Its been ten years since the inception of Google Summer of Code. Students through out the world have participated in this program and have achieved fame and glory. After spending a couple of years by contributing to a few open source projects, I got an amazing chance to participate in this prestigious program. I participated in Google Summer of Code for two consecutive years in 2012 and 2013. It was one hell of a ride. I consider this as the greatest achievement of my life. It really changed everything in my life. It got me great connections, fame in the community, recommendations, jobs, scholarships and invitations to speak at conferences.
Google Summer of Code (GSoC) is quite an amazing program — it provides an opportunity for students to learn and contribute to free and open source software by working on real projects (and get paid for it!). To put it simply, GSoC is a ticket to the exciting journey of the Open Source world. The Google Summer of Code program was announced very early, immediately after the GSoC 2013 program. Though I am not eligible to participate as a student for this year’s program, I am very excited to participate as a mentor for the National Resource for Network Biology(NRNB). When the Open Source Programs team at Google announced the stunning “10 things” initiative, I was thrilled to not only see India on the list of countries the team was visiting, but also honored to participate in the event. I was especially proud to learn that India stands second in the world in GSoC participation with 1042 students and 368 mentors since the program’s inception.
The event was held at the local Google office inHyderabad on February 21. The room was filled with students and mentors from previous years of GSoC as well as several open source enthusiasts who came from all across India to attend this wonderful event. The evening kicked off with the presentation on GSoC by Google Open Source Programs Office team members, Stephanie Taylor and Cat Allman. They also spoke about the Google Code-in, their success with these initiatives, and what the team has planned for the future. Next, there were short talks by previous GSoC students who described their projects, the organizations they worked with and their personal experience as a GSoC’er. I was one of the speakers and was happy to share my work as a student with NRNB.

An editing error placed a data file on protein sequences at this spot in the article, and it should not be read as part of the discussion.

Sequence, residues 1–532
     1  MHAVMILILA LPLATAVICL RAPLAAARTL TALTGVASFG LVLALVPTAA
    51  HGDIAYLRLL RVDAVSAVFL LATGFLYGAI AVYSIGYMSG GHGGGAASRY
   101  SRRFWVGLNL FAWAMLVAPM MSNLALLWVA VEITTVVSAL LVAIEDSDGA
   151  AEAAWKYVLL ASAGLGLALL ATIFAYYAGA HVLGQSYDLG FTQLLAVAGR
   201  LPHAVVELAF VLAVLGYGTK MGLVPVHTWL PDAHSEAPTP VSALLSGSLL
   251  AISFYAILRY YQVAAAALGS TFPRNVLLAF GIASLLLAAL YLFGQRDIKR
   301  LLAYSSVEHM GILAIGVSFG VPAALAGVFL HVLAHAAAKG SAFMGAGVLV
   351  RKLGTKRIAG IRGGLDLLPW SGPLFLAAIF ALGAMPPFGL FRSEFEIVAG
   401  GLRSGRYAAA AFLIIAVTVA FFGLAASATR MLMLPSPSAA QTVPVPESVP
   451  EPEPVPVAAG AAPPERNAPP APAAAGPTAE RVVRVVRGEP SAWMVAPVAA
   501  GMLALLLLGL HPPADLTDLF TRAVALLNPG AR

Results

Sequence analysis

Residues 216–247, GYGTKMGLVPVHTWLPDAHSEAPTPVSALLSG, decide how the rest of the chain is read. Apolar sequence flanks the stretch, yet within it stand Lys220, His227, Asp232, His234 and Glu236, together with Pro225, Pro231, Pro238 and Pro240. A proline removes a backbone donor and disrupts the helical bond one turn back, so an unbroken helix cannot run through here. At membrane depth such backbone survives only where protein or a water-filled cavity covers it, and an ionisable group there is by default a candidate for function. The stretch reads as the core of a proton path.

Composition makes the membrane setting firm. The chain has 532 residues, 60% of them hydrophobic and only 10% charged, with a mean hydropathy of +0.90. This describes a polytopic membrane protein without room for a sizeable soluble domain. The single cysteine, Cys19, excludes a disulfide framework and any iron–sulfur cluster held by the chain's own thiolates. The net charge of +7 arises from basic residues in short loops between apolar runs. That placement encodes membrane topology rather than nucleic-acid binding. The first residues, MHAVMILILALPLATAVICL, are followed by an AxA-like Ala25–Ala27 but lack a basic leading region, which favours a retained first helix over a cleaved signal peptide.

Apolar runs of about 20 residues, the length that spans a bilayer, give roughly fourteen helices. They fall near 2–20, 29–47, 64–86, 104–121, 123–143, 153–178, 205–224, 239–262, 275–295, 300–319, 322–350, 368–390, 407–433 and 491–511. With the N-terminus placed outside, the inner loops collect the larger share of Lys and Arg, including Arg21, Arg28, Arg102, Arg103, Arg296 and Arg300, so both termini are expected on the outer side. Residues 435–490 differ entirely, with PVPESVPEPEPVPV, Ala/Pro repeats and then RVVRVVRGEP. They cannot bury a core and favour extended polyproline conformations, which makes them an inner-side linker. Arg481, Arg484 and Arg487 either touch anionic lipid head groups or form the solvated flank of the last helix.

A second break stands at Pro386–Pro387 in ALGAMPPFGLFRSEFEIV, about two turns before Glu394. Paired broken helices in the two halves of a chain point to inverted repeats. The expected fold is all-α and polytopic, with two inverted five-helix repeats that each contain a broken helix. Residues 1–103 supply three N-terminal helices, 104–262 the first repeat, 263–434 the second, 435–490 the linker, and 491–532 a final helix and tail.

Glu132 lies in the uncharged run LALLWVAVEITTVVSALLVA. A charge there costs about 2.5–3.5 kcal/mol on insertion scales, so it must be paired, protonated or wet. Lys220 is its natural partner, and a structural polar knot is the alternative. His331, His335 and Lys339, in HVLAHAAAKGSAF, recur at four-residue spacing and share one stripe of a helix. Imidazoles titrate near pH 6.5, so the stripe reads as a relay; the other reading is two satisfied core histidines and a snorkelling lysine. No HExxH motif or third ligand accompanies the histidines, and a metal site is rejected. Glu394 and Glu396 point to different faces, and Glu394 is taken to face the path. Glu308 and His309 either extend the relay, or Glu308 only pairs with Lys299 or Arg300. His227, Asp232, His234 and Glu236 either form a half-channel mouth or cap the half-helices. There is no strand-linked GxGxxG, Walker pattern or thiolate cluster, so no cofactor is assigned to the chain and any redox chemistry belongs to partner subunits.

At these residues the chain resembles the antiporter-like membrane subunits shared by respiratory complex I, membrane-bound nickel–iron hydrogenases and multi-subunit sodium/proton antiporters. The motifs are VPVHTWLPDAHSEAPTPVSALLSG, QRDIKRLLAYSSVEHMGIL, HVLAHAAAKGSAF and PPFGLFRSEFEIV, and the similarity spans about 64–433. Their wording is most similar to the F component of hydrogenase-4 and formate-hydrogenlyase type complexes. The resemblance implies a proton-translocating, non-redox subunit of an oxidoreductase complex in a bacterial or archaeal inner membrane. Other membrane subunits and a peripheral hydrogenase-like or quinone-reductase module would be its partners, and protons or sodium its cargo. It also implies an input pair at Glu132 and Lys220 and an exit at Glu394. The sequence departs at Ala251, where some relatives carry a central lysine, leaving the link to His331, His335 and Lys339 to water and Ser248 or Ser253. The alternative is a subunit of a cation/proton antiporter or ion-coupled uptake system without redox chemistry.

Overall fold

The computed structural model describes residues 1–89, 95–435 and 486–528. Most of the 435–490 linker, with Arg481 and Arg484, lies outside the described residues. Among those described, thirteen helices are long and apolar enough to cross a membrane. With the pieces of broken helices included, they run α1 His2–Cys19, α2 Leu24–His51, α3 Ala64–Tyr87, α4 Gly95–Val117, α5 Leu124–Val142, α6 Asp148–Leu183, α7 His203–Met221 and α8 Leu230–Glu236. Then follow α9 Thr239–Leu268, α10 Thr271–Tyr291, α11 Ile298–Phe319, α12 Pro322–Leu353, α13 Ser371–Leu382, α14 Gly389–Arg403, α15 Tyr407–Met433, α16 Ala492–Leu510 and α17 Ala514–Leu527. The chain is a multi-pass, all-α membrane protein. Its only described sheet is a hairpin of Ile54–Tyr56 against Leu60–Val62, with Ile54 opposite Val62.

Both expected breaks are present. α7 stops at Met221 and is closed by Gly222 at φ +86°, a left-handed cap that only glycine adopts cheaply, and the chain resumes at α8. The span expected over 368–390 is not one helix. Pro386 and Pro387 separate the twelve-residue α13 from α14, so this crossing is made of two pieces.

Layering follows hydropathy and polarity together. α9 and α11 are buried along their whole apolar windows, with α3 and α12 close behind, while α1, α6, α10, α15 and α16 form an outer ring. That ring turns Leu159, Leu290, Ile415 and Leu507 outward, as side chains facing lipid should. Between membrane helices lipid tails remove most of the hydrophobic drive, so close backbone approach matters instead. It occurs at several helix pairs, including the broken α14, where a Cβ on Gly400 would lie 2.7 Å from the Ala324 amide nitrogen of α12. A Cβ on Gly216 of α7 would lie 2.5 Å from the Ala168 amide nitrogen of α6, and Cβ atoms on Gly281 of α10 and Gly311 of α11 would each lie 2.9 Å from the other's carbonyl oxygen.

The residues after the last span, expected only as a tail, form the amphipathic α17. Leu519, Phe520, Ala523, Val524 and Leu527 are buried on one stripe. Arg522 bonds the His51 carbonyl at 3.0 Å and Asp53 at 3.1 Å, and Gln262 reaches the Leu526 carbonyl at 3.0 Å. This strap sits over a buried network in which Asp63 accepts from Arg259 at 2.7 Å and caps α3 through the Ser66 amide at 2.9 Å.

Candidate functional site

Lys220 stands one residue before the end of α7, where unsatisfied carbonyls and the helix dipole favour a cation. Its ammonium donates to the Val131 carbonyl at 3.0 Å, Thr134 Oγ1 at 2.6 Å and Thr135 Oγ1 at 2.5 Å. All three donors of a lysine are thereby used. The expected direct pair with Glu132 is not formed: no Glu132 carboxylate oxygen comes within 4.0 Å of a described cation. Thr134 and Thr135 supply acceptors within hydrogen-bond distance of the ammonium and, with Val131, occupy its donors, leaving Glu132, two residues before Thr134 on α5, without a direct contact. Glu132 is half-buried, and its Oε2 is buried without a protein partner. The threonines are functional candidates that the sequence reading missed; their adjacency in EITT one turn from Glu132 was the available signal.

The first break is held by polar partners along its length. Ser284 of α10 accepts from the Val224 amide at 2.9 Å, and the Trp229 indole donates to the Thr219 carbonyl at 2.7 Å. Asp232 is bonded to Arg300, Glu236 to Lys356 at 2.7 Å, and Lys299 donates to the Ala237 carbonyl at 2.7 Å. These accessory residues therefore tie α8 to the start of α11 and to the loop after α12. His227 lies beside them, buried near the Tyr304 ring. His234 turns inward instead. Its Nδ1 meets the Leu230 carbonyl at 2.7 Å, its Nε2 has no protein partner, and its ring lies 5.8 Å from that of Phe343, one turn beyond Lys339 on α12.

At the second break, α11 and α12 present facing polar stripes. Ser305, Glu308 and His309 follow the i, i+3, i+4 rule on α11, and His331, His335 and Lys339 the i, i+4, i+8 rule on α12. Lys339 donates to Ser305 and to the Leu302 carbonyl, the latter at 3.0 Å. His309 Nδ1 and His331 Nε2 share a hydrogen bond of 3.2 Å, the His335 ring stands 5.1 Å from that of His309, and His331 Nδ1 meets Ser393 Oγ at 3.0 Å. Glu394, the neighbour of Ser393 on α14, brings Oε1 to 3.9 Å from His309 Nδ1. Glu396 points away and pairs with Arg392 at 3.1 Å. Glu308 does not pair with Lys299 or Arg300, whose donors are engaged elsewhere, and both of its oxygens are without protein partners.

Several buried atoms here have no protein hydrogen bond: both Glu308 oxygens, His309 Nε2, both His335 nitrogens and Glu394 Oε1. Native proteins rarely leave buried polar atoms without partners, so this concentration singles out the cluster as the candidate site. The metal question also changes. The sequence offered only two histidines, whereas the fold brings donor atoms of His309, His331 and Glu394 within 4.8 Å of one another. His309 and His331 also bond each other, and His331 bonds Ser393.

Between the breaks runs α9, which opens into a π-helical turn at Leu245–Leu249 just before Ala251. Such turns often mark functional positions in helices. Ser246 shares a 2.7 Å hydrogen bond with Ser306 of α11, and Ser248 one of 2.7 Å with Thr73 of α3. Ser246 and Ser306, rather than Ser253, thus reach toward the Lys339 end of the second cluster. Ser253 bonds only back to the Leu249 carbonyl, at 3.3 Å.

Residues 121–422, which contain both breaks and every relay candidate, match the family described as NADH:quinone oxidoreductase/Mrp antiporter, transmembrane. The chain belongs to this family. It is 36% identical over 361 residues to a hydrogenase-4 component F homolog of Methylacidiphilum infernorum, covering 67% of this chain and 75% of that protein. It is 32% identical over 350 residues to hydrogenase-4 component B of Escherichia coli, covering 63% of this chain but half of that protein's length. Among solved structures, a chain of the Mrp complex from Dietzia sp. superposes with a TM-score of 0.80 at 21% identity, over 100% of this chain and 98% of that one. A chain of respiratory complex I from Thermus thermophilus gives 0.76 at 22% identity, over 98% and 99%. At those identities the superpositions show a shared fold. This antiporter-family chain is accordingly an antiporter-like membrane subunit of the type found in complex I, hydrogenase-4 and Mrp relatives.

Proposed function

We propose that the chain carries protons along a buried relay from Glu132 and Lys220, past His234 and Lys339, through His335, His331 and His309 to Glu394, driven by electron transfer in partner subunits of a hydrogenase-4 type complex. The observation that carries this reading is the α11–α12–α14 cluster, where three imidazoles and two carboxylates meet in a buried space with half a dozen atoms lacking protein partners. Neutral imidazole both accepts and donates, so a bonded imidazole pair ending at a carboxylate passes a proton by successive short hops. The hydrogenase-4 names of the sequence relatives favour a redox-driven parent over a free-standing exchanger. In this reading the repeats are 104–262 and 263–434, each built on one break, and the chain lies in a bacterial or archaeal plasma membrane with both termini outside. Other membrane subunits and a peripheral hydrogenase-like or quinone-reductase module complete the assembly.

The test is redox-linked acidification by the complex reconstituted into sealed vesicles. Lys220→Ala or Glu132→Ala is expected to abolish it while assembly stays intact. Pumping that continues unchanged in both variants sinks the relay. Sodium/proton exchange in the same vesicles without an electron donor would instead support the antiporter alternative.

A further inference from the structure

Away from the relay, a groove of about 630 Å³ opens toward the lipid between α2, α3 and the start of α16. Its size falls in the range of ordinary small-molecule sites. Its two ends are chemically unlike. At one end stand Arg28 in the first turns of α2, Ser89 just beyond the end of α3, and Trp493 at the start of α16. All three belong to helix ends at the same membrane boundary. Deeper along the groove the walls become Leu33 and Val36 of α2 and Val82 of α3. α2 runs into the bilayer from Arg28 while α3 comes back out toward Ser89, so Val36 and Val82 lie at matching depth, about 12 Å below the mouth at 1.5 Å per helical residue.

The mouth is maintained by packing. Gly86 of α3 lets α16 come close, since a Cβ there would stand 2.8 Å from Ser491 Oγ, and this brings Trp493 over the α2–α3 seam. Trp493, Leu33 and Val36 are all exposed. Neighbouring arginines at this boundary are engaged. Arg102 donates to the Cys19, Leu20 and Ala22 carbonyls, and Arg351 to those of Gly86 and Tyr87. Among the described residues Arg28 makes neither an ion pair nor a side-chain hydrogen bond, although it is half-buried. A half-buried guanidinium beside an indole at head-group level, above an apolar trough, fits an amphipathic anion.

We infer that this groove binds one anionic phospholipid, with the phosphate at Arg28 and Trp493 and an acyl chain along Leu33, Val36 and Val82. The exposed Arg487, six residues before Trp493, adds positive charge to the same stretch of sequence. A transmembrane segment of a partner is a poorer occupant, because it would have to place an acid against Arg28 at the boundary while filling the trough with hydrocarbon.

After the talks, there was a raffle for all the attendees. One lucky student won a brand new Google Nexus 7 tablet. The evening wrapped up with a scrumptious dinner, knowledge sharing, photo sessions and tons of Google swag. The event was a phenomenal success. I would like to thank the entire team of the Google Open Source Office for initiating such brilliant programs which encourage student programmers to contribute to free and open source projects. I hope that there will be an exponential increase in the number of Indian student participants in the coming years!